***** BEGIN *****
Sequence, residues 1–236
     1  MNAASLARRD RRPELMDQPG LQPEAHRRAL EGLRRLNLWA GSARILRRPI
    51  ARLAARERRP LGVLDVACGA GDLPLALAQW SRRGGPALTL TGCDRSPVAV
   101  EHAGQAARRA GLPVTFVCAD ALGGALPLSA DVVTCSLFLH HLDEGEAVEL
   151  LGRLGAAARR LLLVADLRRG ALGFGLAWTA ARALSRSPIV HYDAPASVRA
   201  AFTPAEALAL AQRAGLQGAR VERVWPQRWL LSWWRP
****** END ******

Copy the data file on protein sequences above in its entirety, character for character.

Sequence, residues 1–236
     1  MNAASLARRD RRPELMDQPG LQPEAHRRAL EGLRRLNLWA GSARILRRPI
    51  ARLAARERRP LGVLDVACGA GDLPLALAQW SRRGGPALTL TGCDRSPVAV
   101  EHAGQAARRA GLPVTFVCAD ALGGALPLSA DVVTCSLFLH HLDEGEAVEL
   151  LGRLGAAARR LLLVADLRRG ALGFGLAWTA ARALSRSPIV HYDAPASVRA
   201  AFTPAEALAL AQRAGLQGAR VERVWPQRWL LSWWRP